The second takeaway is that all 50 of the Republicans voted against the measure, which would have helped to combat the voter suppression laws being enacted by Republican-dominated legislatures across the country. According to the nonpartisan Voting Rights Lab, 18 states have put in place more than 30 laws restricting access to the ballot. These laws will affect around 36 million people, or about 15% of all eligible voters. 

Led by Senate Minority Leader Mitch McConnell (R-KY), Republicans insist that federal protection of voting rights is federal overreach; that the states should be in charge of their own voting rules. As Susan Collins (R-ME) put it: “S. 1 would take away the rights of people in each of the 50 states to determine which election rules work best for their citizens.” 

And the third takeaway is that the Republicans are defending the same principle that Senator Stephen A. Douglas advanced when he debated Senate candidate Abraham Lincoln in Illinois in 1858.

Four years before, Douglas had led Congress to throw out the 1820 Missouri Compromise, a federal law that kept the system of Black enslavement out of the land above the southern border of the new slave state of Missouri, in land the U.S. had acquired through the 1803 Louisiana Purchase. Eager to enable a transcontinental railroad to run west of Chicago, Douglas introduced a bill to organize a territory in that land in 1854 but, knowing that southern senators would never permit a new free territory that would eventually become a free state without balancing it with a slave state, he wrote a bill for two new territories, not one.

Both were in territory covered by the Missouri Compromise and thus should have been free under federal law. But Douglas insisted that true democracy meant that the people in the territories should decide whether or not they would welcome slavery to their midst.

Working as a lawyer back in Illinois, Lincoln recognized that this “popular sovereignty” would guarantee the spread of Black enslavement across the West, since under the Constitution, even a single enslaved Black American in a territory would require laws to protect that “property.” Slave states would eventually outnumber free states in Congress, and their representatives would make human enslavement national.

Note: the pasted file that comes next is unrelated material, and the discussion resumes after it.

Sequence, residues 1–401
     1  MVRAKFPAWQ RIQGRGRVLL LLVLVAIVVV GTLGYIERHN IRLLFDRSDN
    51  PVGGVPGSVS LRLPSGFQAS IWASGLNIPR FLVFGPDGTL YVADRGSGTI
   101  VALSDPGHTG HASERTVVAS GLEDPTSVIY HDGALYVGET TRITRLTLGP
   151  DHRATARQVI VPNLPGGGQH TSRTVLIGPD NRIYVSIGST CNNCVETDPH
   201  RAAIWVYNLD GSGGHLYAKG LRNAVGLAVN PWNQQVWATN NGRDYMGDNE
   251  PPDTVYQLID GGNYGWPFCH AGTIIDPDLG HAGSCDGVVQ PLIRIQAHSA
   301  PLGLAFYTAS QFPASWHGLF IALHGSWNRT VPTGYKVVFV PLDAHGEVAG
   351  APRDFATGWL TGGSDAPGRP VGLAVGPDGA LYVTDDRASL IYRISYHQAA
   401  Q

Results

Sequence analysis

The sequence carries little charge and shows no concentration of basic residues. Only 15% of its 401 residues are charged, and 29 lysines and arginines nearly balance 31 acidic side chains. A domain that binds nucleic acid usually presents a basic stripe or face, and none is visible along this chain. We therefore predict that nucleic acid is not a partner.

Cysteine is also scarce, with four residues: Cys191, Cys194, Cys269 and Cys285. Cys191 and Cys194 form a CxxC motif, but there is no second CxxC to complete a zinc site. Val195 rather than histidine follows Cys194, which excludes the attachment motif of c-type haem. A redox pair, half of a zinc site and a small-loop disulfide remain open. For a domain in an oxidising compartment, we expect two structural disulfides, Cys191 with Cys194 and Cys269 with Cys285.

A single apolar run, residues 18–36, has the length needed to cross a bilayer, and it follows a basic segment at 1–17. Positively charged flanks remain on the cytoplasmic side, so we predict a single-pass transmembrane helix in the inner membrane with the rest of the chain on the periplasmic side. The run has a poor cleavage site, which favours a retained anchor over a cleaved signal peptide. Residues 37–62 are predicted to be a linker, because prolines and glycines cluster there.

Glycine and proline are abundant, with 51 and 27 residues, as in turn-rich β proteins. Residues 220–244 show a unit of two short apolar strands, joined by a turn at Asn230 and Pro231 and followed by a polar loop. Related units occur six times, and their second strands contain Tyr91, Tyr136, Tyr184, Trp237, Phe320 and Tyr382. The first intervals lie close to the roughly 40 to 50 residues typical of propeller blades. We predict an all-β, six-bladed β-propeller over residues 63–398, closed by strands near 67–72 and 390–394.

In 1858, when Lincoln, now a member of the new Republican Party, challenged Democrat Douglas for his Senate seat, the key issue was whether Douglas’s “democracy” squared with American principles. 

Lincoln said it didn’t. Local voters should not be able to carry enslavement into lands that a majority of Americans wanted free. He did not defend civil rights, but he insisted that the framers had deliberately tried to advance the principles of the Declaration of Independence by using the federal government to limit the expansion of enslavement. 

Douglas insisted it did. In his view, democracy meant that voters in the states and territories could arrange their governments however they wished. 

But central to that belief was who, exactly, would be doing the arranging. “I hold that this Government was made on the white basis, by white men, for the benefit of white men and their posterity forever, and should be administered by white men and none others,” he said. Claiming that he, not Lincoln, was “in favor of preserving this Government as our fathers made it,” he told an audience in Jonesboro, Illinois, “we ought to extend to the negro every right, every privilege, every immunity which he is capable of enjoying, consistent with the good of society. When you ask me what these rights are, what their nature and extent is, I tell you that that is a question which each State of this Union must decide for itself.” His own state of Illinois, he pointed out, rejected Black enslavement, “but we have also decided that… that he shall not vote, hold office, or exercise any political rights. I maintain that Illinois, as a sovereign State, has a right thus to fix her policy….” 

I found it chilling to hear Douglas’s argument from 1858 echo in the Senate today, for after seeing exactly how his argument enabled white southern legislators to cut their Black neighbors out of the vote in the 1870s and then pass Jim Crow laws that lasted for more than 70 years, our lawmakers should know better. How is it possible to square states’ rights and equality without also protecting the right of all adult citizens to vote? Unless everyone has equal access to the ballot, what is there to stop Douglas’s view of “the good of society” from coming to pass yet again? 

Congress will recess after Thursday and won’t resume business until July 12. The big push to pass a voting rights measure will happen then.”